We salute all the First Responders, organizations, businesses, governments and individuals that jumped in to help as our fellow Oregonians faced disaster with the wildfires afflicting many areas of western Oregon.
When disaster strikes, our community doesn’t ask—it acts.
While financial donations are key to any relief and recovery effort, Keizer donated time, food and needed items for daily living for hundreds of people, many who lost everything.
Residents of Keizer have been affected by the thick smoke that has blanketed the Willamette Valley since the fires in the Cascades began. Loss of property is shocking. Breathing hazardous air is harmful to the vulnerable among us. Dealing with bad air pales in comparison to those who lost property, which is shocking on its own. The loss of life of those in the path of the wildfires is tragic.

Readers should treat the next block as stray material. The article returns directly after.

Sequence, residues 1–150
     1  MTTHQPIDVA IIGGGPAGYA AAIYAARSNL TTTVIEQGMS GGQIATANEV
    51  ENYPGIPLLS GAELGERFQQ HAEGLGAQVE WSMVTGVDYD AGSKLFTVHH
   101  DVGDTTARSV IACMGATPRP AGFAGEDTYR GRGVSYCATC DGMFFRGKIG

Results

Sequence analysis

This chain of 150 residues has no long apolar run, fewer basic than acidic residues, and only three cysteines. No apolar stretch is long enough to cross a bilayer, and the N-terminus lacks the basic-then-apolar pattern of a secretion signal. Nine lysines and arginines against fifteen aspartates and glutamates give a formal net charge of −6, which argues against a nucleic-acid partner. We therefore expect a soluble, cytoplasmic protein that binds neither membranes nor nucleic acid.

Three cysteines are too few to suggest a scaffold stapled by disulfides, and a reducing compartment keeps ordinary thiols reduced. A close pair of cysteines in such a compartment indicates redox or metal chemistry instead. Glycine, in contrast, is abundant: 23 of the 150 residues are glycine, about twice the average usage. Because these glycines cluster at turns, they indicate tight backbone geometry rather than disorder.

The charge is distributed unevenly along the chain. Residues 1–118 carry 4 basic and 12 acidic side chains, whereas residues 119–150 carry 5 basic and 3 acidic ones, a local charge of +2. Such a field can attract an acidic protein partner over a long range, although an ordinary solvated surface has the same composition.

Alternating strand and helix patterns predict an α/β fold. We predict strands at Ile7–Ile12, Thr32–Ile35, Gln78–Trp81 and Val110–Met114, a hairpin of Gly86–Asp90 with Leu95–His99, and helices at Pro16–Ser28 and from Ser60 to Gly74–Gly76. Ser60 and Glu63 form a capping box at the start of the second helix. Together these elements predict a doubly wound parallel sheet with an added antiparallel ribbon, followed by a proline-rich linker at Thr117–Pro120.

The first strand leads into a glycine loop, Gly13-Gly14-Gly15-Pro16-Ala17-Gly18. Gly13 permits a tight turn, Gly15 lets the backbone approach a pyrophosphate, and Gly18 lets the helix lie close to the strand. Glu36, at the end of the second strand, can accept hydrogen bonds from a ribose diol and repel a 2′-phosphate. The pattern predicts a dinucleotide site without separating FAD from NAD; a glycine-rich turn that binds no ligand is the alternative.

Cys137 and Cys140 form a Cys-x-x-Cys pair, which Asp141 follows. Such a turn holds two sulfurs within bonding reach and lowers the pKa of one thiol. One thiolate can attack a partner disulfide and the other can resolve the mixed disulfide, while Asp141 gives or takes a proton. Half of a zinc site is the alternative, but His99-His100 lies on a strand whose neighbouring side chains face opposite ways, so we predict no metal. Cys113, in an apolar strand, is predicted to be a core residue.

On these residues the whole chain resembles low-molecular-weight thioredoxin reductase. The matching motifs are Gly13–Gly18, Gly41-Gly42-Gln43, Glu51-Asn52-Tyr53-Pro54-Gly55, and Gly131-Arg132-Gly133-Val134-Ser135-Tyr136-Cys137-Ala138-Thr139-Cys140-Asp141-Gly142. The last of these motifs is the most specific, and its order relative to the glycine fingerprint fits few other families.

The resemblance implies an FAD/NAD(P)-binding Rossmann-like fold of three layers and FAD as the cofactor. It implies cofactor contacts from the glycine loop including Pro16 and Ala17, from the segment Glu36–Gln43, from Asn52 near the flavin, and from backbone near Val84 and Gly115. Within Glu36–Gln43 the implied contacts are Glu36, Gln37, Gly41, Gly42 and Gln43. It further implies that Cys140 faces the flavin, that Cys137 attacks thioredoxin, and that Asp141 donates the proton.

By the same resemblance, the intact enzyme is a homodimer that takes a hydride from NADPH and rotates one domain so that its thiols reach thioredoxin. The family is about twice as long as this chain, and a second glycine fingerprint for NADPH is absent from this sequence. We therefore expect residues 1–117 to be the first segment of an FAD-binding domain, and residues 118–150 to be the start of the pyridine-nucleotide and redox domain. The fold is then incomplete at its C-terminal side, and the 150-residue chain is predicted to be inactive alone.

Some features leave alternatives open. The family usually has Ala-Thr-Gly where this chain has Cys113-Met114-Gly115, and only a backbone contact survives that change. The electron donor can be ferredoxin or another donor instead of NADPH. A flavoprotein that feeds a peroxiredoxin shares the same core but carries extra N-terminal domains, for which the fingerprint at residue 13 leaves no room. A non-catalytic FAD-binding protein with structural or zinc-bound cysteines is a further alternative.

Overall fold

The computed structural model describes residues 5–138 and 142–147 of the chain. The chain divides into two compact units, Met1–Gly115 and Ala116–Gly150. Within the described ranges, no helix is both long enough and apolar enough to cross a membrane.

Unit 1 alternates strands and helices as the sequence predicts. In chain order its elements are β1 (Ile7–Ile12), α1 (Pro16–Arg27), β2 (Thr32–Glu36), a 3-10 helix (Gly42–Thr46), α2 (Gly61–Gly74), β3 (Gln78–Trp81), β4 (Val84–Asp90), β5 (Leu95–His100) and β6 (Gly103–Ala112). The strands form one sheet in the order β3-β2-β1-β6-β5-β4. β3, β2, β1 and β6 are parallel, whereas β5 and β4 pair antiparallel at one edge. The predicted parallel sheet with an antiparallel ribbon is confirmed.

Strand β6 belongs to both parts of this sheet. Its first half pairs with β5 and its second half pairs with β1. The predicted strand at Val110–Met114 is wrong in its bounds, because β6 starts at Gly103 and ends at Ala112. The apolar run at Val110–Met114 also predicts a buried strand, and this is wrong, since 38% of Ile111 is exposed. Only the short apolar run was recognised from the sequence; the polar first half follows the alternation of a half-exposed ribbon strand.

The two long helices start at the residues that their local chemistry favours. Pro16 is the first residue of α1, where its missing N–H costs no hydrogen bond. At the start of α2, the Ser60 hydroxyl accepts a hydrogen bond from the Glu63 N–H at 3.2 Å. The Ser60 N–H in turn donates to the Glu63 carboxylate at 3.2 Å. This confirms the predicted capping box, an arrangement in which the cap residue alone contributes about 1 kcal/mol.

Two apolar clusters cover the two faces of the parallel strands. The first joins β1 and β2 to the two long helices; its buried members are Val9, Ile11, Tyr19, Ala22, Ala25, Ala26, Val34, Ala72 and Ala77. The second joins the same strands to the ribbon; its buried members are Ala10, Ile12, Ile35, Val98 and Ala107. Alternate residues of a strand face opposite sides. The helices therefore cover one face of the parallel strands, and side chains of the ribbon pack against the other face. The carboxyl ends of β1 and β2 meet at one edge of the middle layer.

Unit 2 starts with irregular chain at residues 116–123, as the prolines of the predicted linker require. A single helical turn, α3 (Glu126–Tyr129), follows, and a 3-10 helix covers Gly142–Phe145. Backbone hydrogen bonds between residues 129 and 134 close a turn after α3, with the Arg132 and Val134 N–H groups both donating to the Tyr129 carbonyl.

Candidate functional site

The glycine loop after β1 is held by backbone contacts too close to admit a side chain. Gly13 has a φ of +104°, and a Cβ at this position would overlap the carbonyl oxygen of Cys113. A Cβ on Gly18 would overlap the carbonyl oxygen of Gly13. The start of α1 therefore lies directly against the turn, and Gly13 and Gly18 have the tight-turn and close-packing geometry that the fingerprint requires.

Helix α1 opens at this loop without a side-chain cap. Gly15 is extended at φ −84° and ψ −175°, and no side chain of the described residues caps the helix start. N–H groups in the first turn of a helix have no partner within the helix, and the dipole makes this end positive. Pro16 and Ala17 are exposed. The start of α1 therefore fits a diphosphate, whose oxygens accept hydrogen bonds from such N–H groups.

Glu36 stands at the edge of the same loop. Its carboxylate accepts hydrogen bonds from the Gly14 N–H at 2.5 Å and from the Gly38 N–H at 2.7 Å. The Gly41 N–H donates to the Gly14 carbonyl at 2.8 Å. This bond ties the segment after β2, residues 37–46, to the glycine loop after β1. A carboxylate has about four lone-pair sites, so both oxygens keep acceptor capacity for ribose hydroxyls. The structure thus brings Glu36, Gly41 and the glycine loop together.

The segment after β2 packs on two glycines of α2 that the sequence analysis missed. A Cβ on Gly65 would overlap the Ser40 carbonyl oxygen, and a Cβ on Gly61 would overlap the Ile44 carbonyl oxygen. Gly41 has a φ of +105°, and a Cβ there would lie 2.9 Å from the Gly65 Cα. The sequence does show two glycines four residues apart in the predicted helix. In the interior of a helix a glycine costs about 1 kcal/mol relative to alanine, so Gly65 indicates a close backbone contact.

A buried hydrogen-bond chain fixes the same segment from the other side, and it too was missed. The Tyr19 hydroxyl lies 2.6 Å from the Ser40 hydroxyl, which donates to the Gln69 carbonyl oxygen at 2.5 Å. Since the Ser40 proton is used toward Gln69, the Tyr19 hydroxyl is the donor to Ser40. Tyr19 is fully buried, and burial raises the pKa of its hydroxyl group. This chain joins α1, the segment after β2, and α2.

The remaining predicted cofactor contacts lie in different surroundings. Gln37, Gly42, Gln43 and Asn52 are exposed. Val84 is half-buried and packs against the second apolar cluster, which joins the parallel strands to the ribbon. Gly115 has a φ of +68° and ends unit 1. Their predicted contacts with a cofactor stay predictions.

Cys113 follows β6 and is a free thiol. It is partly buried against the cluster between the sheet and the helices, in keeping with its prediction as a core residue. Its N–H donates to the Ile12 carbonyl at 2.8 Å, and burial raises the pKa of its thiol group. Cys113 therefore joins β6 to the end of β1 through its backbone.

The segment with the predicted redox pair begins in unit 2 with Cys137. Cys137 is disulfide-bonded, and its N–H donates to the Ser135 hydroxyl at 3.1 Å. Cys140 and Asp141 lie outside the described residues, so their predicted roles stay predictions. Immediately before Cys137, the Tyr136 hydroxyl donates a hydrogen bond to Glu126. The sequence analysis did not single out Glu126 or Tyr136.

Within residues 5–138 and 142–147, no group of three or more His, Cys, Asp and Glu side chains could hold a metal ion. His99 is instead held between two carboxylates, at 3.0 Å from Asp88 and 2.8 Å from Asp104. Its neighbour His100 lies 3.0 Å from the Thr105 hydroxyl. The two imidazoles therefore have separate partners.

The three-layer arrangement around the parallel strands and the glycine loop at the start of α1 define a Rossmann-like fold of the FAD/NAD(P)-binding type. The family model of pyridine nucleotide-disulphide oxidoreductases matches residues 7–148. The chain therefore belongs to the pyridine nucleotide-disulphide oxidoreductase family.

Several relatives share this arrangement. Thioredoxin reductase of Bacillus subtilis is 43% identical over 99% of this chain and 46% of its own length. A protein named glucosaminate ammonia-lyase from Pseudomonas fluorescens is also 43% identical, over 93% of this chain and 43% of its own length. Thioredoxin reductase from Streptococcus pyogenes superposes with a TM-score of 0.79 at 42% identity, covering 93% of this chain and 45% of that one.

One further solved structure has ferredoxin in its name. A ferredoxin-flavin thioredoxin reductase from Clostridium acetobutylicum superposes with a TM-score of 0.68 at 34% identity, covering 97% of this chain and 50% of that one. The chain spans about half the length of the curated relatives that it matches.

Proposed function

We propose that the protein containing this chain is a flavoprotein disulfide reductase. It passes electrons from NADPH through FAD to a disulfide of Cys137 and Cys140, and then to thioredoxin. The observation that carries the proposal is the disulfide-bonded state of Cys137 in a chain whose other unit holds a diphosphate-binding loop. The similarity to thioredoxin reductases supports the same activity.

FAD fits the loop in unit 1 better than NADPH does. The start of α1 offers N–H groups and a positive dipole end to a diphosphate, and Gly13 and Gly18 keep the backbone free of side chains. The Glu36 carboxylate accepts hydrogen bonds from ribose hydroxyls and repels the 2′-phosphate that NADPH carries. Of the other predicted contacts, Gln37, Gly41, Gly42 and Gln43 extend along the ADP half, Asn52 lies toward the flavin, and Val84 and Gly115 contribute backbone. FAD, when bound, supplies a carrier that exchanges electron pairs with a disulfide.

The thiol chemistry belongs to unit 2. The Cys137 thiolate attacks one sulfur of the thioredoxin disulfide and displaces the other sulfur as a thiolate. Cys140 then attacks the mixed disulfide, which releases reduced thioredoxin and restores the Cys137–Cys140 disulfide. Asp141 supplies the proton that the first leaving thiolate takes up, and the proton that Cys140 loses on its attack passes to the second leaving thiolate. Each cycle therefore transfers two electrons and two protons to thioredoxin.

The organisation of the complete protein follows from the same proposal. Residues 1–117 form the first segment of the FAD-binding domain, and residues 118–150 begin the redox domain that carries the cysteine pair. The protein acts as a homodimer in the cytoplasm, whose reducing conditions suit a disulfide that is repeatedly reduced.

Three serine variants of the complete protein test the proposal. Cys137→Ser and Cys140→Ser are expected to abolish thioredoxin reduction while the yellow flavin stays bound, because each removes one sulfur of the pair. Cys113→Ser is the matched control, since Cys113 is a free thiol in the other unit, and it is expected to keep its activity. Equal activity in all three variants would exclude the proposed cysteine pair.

More than the community’s thoughts are with the victims of the fires. What is not with the victims is judgement. Volunteers in times of disaster don’t ask the political or religious views of those they are helping. It is almost a certainty, once the fires extinguish and the smoke blows away, that the blame game will begin. Debates will rage about forest management and adequate firefighting resources, but debates need to be put off for now. Rescue, recovery and relief are the watchwords of the day.
Disastrous events are always bookended with stories of loss and tragedy on one end and stories of heroism on the other end, such as a man driving his vehicle (reported by SalemReporter.com), packed with belongings, who rescued Bonnie Sullivan, who was alone. She rode in his trunk until safely taken to Mehama. More tales of heroism, no doubt, will begin to surface, as shock begins to fade.
Political and cultural disagreements do not exist when people are helping others in time of tragedy and disaster. There will be many stories to be told of the Great Oregon Wildfires of 2020. One chapter will how people forgot about themselves and jumped in to help. —LAZ